SOURCE: Antea GroupDESCRIPTION:
Working in EHS can be a bit of an undersung job.
Environment, Health, and Safety (EHS) professionals don’t tend to get their names in the headlines, yet their work is a fundamental underpinning of industry. Countless people work tirelessly to protect their employees, their companies, and the world we live in — often with little fanfare. With the current state of the world, expertise around EHS within the workplace feels more critical and urgent than ever before.
So, at Antea Group, we like to shine a spotlight on different EHS-related roles and take a closer look at what their day-to-day is like. Following our write-up on the evolving role of environmental engineers, today we’ll dive into what industrial hygienists contribute to EHS, especially during this pivotal time.
What Is an Industrial Hygienist?
Industrial hygienists (or occupational hygienists) are applied scientists and engineers that help to manage and mitigate different aspects of industrial hygiene. In other words, they work to proactively recognize, evaluate, and control harmful substances or potential hazards involved with manufacturing, processing, construction, and other operational processes.
If that sounds like a broad range of work, it certainly is. Industrial hygienists are needed in almost every industry.
What Does an Industrial Hygienist Do?
At the core of the profession, industrial hygiene is about keeping people and their surrounding environments safe. This can manifest through a wide range of specialty areas, such as radiation, ergonomics, particulate matter, or really anything that can do harm to a person’s health.
Industrial hygienists can act as “hazard detectives,” using their knowledge base in chemistry, biology, physics, and human health to identify and evaluate potential health risks in the workplace.
Although industrial hygienists will often deal directly with technology on-site to identify hazards and assess risk, they also act as consultants, helping to guide and align company policies with financial, physical, and psychological realities. Industrial hygienists can make recommendations that affect individual worksites, or EHS initiatives that span the entire organization.
Once they’ve assessed the risk of a given potential hazard, they can also weigh in on the proposed control measures to ensure a sustainable, effective solution.
The Four Main Challenges of an Industrial Hygienist
Though it’s definitely in the job description, industrial hygienists aren’t just relegated to mitigating the risks of hazardous materials in the workplace. There are four main types of challenges that an industrial hygienist encounters:
- Physical hazards: This can encompass issues of air quality, radiation, unsafe temperature, slips, trips, falls, repetitive stress injuries, and other physical risks.
- Chemical hazards: This includes chemicals used in operations, potential water or food contamination, direct or indirect contact with harmful chemicals, harmful gases or liquids, lead exposure, and more.
- Biological hazards: This covers any pathological risks for workers or the community, as well as disease, germs that pose a risk to operational processes.
- Ergonomic hazards: Any environmental hazards to one’s physical or psychological health. This includes lighting, noise levels, office setups, workspace ergonomics, and more.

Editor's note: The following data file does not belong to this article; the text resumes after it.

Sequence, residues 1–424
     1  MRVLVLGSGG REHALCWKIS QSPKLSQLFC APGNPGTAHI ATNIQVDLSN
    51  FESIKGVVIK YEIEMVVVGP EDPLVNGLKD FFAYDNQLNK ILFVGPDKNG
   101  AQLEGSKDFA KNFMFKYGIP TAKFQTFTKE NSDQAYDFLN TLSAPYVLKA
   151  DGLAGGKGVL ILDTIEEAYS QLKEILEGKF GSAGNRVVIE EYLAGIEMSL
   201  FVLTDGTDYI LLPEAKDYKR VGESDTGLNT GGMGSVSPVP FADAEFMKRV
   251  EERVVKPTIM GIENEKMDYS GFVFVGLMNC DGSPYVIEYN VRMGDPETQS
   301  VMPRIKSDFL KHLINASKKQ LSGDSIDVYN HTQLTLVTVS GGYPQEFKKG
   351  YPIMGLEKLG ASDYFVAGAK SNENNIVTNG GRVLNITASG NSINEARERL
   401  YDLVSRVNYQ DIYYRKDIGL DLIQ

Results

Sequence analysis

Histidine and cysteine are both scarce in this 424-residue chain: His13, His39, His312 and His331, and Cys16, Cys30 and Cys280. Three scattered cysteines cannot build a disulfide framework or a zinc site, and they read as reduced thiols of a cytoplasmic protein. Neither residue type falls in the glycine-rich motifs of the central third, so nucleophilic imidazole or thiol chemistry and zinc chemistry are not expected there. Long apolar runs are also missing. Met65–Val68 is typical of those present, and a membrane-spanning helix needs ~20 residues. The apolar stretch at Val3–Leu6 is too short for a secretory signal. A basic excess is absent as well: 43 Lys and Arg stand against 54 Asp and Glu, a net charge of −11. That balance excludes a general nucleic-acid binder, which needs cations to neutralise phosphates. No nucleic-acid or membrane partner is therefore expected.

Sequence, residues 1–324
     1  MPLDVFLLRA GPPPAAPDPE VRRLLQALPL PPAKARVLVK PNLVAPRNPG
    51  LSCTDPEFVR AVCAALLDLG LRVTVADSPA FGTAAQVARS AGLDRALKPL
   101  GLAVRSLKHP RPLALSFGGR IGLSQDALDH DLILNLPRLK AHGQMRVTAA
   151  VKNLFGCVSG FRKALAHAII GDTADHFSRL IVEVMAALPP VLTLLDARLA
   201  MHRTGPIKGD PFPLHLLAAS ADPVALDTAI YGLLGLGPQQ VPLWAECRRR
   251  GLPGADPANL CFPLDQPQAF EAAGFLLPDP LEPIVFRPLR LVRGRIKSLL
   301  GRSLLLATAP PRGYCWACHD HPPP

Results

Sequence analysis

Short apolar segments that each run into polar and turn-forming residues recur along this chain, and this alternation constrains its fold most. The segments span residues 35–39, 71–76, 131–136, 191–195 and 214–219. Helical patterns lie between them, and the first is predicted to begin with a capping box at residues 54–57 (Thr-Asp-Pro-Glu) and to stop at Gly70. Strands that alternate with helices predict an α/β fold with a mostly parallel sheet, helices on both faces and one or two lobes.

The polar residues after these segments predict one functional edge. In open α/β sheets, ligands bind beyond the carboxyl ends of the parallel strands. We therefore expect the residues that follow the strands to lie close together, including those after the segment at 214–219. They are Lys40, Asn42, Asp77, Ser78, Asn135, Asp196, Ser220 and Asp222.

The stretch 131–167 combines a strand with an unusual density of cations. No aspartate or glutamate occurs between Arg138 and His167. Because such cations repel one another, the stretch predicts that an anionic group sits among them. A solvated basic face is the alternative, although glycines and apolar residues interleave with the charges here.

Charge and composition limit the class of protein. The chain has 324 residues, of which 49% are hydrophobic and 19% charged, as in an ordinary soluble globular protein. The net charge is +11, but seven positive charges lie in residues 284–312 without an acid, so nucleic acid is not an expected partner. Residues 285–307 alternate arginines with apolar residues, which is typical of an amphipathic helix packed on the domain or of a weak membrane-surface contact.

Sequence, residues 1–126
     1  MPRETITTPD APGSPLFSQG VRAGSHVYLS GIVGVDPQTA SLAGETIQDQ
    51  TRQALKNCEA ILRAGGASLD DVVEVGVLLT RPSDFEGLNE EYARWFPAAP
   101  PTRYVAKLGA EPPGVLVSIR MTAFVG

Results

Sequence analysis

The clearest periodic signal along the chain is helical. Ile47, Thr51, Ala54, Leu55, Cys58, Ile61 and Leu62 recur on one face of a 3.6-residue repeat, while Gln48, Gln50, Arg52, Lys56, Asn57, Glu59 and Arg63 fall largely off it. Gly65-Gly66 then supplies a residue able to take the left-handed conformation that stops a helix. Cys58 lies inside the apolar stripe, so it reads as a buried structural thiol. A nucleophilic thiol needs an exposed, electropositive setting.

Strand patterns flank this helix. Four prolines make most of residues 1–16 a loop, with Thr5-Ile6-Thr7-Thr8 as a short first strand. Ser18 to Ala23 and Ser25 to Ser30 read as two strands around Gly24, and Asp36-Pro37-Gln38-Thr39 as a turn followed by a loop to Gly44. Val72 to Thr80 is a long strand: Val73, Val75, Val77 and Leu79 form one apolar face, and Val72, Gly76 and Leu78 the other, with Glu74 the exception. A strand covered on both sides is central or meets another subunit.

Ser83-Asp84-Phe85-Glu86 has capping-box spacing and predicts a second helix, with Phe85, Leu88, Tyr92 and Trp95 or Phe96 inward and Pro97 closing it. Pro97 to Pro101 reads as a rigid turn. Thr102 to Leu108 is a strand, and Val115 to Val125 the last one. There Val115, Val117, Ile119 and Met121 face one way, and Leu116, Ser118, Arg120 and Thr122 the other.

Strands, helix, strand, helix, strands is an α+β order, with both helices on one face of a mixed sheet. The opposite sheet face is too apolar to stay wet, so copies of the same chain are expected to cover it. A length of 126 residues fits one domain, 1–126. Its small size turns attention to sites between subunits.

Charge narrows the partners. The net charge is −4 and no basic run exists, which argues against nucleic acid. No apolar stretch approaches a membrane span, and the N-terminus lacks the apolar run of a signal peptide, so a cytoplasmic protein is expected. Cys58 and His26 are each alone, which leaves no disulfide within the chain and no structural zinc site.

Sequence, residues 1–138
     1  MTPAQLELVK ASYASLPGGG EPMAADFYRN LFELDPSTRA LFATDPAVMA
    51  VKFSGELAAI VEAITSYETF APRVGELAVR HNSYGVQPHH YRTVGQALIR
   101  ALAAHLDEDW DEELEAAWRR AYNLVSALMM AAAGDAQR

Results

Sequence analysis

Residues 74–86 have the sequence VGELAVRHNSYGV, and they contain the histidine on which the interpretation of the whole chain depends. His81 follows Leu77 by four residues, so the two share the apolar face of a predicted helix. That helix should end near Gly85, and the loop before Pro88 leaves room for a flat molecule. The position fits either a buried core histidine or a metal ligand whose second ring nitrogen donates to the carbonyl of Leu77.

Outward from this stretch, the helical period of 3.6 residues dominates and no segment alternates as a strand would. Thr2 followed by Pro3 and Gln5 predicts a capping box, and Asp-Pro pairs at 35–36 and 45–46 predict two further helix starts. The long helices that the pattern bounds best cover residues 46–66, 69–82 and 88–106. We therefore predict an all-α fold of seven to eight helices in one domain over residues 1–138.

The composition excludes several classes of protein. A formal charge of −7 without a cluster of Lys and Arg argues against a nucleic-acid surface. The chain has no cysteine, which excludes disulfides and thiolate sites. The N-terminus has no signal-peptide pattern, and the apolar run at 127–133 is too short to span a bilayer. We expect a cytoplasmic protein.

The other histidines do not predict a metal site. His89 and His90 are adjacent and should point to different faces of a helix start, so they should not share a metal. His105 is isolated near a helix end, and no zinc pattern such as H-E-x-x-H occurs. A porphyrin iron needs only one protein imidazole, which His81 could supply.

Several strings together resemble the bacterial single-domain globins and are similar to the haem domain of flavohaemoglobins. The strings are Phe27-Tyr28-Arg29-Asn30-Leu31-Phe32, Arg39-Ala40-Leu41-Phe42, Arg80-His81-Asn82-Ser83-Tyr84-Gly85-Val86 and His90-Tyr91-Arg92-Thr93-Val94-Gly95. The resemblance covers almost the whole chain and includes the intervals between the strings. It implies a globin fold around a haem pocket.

What Does the Industrial Hygiene Role Look Like Now?
With the advent of COVID-19, industrial hygiene has never been more important. As many companies welcome their employees back to the workplace, they’re having to contend with new standards of safety, new risks, and new ways of working. What’s more, the pandemic caused a lot of organizations to put key EHS priorities on the backburner. Now, companies are seeing pent-up demand to evaluate and review processes and practices.
Industrial hygienists are already specialized in determining, communicating, and embedding best practices for keeping their workforce safe. Issues like ventilation and sanitation may be new areas of concern for workers, but it’s well-trodden ground for industrial hygienists. Relying on their expertise may make the most important kind of difference — the continued health of your people.
Recently, the American Industrial Hygiene Association (AIHA) released new guidelines around health metrics to prevent illness and injury in the workplace, featuring a key emphasis on leading (as opposed to lagging) indicators.
"The focus on identifying measures that occur before worker’s health is harmed is critical to safeguarding worker health," said AIHA CEO Lawrence D. Sloan.
AIHA has also called for federal agencies to create specific guidelines relating to COVID-19, including the issuance of a temporary emergency standard for the virus. More than ever, worker health is at the forefront of business leadership priorities here in 2021, and that means so too are industrial hygienists. The best and brightest will play an essential role in keeping employees safe, healthy, and confident as they venture forth into a strange new world.
At Antea Group, our experienced team of industrial hygienists are available to help companies best protect their people. For more info, check out Antea Group’s Industrial Hygiene Services.
About Antea Group: Antea Group is an international engineering and environmental consulting firm specializing in full-service solutions in the fields of environment, infrastructure, urban planning, and water. By combining strategic thinking and multidisciplinary perspectives with technical expertise and pragmatic action, we do more than effectively solve client challenges; we deliver sustainable results for a better future. We serve clients ranging from global energy companies and manufacturers to national governments and local municipalities. Learn more at https://us.anteagroup.com.
KEYWORDS: antea group, industrial hygiene, health and safety, ehs